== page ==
Take great pictures of your kids! Part 1: Aperture

Did you get a new camera for Christmas? Do you have a DSLR sitting in your closet begging to be used, while you shamelessly post blurry iPhone shots to Facebook? If you are raising your hand, then read on!  We all love adorable photos of our kids, and while it’s wonderful to book a professional portrait session from time to time, most of us can’t hire a photographer to follow us around 24 hours a day! Through a series of blog posts, I’ll walk you through some of the basics of understanding your DSLR camera. We will cover aperture, shutter speed, and ISO; the three points of the exposure triangle. As we dissect each piece and learn to control them separately, you will see how they all work together to help you create beautiful images. I’m going to help you dust off your fancy camera, switch it to that scary “M” setting, and fearlessly push the shutter with success! Let’s get started.

Whilst teaching 5th grade, we studied roots of words. One of the roots was “photo”. It’s Greek, and it means “light”. Photography means “write with light”. You’re going to start noticing that it’s all about the light! In the film days, exposure referred to how much light was hitting the film, but chances are you are working with a digital camera, so in your case exposure is referring to the amount of light hitting your cameras sensor. There are three ways to control the amount of light your camera takes in: aperture, shutter speed, and ISO. Today we are going to focus on aperture.

So, what the heck is APERTURE? The aperture refers to the adjustable size of the hole in your camera that lets in the light.  It is measured in f-stops.  The smaller the f-stop number, the larger the opening.  Take a look at this diagram to help wrap your mind around that.


Aperture, or f-stops, are great because they determine your depth of field, or the amount of the image that is in focus. Imagine an image of a child where their eyes are in sharp focus and the background fades away into a beautiful, creamy blur. Having trouble…I’ll show you. (Excuse his drool…)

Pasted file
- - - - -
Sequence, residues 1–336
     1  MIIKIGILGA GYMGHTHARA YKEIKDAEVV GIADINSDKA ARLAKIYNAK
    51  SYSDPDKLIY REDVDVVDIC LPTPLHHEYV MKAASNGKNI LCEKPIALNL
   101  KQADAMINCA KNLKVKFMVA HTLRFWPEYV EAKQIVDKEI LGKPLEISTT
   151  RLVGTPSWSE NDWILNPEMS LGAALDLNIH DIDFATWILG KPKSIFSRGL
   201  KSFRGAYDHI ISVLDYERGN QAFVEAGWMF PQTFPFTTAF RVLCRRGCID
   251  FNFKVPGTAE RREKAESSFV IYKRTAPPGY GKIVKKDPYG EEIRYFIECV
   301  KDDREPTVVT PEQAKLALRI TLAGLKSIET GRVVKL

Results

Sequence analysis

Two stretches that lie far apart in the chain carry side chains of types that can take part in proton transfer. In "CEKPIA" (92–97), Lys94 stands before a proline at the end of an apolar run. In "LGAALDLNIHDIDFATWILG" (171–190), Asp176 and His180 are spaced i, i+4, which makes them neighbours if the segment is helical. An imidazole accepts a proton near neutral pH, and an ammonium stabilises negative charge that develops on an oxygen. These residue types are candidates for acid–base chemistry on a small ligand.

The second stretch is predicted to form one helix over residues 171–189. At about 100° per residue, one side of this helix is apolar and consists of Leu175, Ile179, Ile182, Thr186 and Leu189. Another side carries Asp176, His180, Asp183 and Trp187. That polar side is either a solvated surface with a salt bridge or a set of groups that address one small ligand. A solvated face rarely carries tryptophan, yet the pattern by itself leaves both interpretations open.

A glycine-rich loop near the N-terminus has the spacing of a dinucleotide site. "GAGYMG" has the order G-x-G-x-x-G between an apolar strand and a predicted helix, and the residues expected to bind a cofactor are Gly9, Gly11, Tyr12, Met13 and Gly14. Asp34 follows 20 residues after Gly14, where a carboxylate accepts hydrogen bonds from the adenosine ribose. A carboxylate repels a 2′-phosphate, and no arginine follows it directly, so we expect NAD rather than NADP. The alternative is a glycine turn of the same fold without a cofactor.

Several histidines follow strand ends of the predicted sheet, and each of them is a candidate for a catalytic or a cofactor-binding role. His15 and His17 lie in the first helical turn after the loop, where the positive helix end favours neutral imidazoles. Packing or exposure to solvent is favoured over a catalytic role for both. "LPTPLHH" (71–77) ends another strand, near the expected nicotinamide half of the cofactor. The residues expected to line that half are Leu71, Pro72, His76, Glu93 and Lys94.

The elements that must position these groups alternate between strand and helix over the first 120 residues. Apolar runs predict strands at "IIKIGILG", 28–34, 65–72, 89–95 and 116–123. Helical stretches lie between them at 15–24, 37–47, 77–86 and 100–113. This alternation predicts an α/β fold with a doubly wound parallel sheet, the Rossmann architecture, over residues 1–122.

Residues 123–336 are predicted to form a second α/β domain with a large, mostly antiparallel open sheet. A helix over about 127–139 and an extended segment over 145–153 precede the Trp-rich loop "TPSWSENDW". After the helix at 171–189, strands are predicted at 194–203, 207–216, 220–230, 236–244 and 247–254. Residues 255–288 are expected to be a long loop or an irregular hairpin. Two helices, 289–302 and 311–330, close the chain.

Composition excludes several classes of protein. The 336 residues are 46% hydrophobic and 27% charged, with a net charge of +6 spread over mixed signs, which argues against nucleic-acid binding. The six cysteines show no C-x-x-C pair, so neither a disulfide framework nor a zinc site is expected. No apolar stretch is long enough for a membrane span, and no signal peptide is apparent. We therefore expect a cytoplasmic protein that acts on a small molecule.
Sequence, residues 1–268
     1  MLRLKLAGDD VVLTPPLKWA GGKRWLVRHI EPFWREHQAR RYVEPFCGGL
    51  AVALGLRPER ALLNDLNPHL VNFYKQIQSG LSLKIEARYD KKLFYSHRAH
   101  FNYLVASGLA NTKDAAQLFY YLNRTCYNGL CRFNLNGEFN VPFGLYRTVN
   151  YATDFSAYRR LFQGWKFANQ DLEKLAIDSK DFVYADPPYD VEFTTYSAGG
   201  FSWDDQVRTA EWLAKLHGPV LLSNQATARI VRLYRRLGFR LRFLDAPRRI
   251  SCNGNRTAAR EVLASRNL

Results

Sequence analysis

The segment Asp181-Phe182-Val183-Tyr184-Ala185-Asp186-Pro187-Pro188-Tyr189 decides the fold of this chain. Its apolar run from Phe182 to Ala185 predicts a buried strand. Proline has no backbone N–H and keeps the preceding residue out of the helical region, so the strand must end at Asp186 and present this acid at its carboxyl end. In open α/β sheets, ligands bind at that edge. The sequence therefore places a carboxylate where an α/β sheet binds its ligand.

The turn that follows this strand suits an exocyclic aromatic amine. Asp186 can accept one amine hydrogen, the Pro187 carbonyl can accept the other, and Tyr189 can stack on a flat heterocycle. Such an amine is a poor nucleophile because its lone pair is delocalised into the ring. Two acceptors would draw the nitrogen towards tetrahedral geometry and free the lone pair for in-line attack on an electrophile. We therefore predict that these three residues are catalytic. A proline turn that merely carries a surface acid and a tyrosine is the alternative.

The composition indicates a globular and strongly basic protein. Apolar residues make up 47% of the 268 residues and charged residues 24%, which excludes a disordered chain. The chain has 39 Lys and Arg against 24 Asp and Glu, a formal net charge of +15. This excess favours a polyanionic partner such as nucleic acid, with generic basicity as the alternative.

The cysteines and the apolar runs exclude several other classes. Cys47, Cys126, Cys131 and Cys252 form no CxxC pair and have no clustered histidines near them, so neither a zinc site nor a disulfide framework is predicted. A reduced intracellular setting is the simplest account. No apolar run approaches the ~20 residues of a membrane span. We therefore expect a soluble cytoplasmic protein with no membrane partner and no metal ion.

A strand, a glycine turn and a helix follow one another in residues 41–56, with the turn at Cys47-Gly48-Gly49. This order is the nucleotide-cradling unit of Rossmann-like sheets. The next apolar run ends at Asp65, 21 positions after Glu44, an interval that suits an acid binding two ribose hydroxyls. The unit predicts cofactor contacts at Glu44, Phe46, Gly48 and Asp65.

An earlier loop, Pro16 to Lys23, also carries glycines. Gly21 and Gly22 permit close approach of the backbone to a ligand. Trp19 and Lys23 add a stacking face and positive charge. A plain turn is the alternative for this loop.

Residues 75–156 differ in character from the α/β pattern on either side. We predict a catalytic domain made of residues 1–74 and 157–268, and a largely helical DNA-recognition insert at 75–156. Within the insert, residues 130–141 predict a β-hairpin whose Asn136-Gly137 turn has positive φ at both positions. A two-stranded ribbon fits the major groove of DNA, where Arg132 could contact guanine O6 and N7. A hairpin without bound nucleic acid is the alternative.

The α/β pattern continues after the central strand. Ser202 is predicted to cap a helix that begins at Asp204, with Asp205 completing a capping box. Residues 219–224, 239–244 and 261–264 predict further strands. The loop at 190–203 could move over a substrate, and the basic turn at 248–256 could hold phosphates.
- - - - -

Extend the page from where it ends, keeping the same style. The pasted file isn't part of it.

ISO 800    f/3.5    1/640

This look is achieved by using a wide open aperture, or a small numbered f-stop. A small portion of the image is in focus, while everything in front and behind him is blurry. Wide apertures are commonly used for portraits, allowing your subject to pop from their surroundings. In the following series of images, I kept my focus on the fireman. ISO 1600 f/2.8 1/160ISO 1600 f/2.8 1/160

I started out wide open at f 2.8, you can see blur both in front of and behind the fireman.


ISO 3200 f/5.0 1/125
ISO 3200 f/5.0 1/125

With an aperture setting of f/5.0 you are able to see more detail in front and behind the fireman. The depth of field has increased bringing more of the image into focus.

ISO 6400 f/11 1/50
ISO 6400 f/11 1/50

In the final image I have set my aperture at f/11 allowing an even larger depth of field. Notice how I’m no longer blurring the junk behind my couch out of the image. 😉

How do you know where to set your aperture? It depends on your own artistic vision for the photo. If you have one subject that you would like to be your focus, you can get away with a wide open aperture. If you have multiple subjects that you want in focus, f3.5 to f/5.6 is a good place to start!

It can be overwhelming to dive right into shooting in manual mode. So, take the information you have just soaked in, and set your camera to aperture priority mode. (A for Nikon users. Av for Canon.) This will allow you to choose your aperture, and your camera will adjust it’s ISO and shutter speed for you. Experiment a little and see which look you prefer!

Next up, shutter speed! This is a fun one!

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